On January 27, 2020, an Eleventh Circuit panel released a landmark ruling in Glasser v. Hilton Grand Vacations Company, LLC. The key issue in the case was how to interpret ambiguous language in the Telephone Consumer Protection Act’s (TCPA) definition of “automatic telephone dialing system” (ATDS or autodialer). In recent years, imprecise statutory phrasing and the Federal Communication Commission’s (FCC) liberal reading of the legislative history empowered plaintiffs to assert TCPA claims based on a wide array of calling systems. The Eleventh Circuit panel’s decision in Glasser rejects that trend, joins the D.C. Circuit in adopting a much narrower view of the TCPA’s scope, and establishes a clear circuit split with the Ninth Circuit.
The plaintiffs in the two cases on appeal allegedly received unsolicited calls on their cell phones to which they did not consent. Melanie Glasser filed a putative class action based on thirteen calls she received from Hilton Grand Vacations Company, LLC. The calls were made using a system that stores and dials non-randomly generated numbers and requires human intervention to initiate a call. The district court dismissed her claims after finding that the system Hilton used was not an autodialer.
Tabitha Evans received thirty-five calls from the Pennsylvania Higher Education Assistance Agency. In Evans’s case, the calls were placed by a system that automatically dialed individuals from a stored list of non-randomly generated numbers. The defendant appealed after the district court concluded that the system used to call Evans was an autodialer, even though it did not use a random or sequential number generator.
The Glasser Decision
The Eleventh Circuit majority undertook a careful grammatical analysis of the TCPA’s autodialer definition, which provides that an “automatic telephone dialing system” is “equipment which has the capacity─(A) to store or produce telephone numbers to be called, using a random or sequential number generator; and (B) to dial such numbers.” Key to interpreting the definition is the clause “using a random or sequential number generator” and whether that clause should be read to modify one or both of the verbs “store” and “produce” in the preceding clause.
The defendants argued that phrase had to be read as modifying both verbs, which would disqualify their equipment because both systems relied on preexisting call lists instead of randomly generated numbers. The plaintiffs contended that the phrase only modifies “produce,” and thus systems that store numbers can qualify as autodialers regardless of whether the numbers are randomly generated. In doing so, plaintiffs relied on the approach taken by the Ninth Circuit in Marks v. Crunch San Diego, LLC. In Marks, the court concluded that the statutory definition of autodialer also encompasses devices that “store telephone numbers to be called, whether or not those numbers have been generated by a random or sequential number generator.”
The Eleventh Circuit majority rejected that reading. Acknowledging that the statute lacks clarity and that each approach “runs into hurdles,” the court determined that the interpretation based on the clause modifying both verbs was the better option. The court cited conventional rules of grammar and statutory interpretation to explain its decision. After finding that both interpretations resulted in a degree of superfluity in language, the court opted for “the least superfluous approach—one that acknowledges some redundancy between store and produce but does not read a key clause (‘using a random or sequential number generator’) out of the statute.” The opinion also includes a thoughtful review of the legislative history, including a favorable discussion of the D.C. Circuit’s opinion in ACA Int’l v. FCC.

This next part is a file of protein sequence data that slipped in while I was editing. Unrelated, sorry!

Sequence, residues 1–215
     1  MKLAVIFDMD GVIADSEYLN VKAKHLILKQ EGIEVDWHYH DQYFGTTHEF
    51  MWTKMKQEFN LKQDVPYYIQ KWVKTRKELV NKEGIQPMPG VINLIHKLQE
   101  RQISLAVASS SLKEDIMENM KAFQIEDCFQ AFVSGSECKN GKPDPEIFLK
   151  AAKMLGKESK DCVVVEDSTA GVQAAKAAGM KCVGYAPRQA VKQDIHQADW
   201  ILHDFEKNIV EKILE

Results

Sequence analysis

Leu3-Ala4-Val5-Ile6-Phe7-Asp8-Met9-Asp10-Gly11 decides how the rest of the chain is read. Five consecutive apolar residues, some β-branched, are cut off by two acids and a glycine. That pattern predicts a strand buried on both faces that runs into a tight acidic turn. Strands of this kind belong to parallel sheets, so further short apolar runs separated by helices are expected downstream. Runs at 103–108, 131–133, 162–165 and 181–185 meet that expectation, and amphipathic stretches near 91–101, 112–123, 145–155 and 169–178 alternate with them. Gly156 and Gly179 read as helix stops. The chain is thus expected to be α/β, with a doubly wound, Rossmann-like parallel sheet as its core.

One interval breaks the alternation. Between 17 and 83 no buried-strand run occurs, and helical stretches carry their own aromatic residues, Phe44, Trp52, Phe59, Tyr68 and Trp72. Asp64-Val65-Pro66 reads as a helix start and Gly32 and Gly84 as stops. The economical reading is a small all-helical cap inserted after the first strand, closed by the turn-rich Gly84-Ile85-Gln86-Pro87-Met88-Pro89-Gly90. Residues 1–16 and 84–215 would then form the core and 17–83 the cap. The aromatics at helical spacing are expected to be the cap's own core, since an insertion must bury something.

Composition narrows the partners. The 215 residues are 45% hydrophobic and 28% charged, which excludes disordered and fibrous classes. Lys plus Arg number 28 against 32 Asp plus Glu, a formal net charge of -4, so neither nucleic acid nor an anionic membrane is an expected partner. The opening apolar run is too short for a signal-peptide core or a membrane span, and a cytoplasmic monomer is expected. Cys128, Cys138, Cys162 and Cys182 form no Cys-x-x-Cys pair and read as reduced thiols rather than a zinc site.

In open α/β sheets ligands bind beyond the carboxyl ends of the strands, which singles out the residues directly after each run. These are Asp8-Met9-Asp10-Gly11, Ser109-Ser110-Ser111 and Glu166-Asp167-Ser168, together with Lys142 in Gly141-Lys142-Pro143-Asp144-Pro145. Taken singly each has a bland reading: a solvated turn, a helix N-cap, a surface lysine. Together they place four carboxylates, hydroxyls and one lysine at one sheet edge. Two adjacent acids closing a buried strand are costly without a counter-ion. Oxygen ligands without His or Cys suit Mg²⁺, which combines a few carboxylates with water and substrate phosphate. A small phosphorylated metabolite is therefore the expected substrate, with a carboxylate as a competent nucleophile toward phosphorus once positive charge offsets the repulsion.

The decision separately addresses the issue of “human intervention.” Plaintiff Glasser argued, relying on Marks, that human involvement does not automatically disqualify equipment as an autodialer, if the human tasks are immaterial. But the Eleventh Circuit panel distinguished Marks as applying only to systems where the human operators just turn on the machine or initiate its functions. In Glasser’s case, the court found that the system used by Hilton “require[d] meaningful human interaction” because “[a]n employee’s choice initiates every call.” Even the dissenting opinion agreed that the relevant technologies had sufficient human intervention to fall outside the autodialer definition.
Glasser creates an undeniable circuit split with Marks on the role that the phrase “random or sequential number generator” plays in how expansively “automatic telephone dialing system” should be interpreted. Given the relatively defendant-friendly, though non-uniform, autodialer rulings of the Second Circuit in King v. Time Warner Cable Inc. and the Third Circuit in Dominguez v. Yahoo, Inc. the Supreme Court may find Glasser an appealing vehicle for certiorari. But the likelihood of a Glasser certiorari grant may be complicated by the Court’s decision to hear William P. Barr et al. v. American Association of Political Consultants, Inc. et al. this term, the outcome of which may invalidate the entire TCPA as unconstitutional under the First Amendment.
On the heels of the 2019 PDR Network, LLC v. Carlton Harris Chiropractic, Inc. decision, it should be another fascinating year for TCPA-watching at the Supreme Court.
This post was originally published on Hogan Lovells’ Global Media and Communications Watch blog.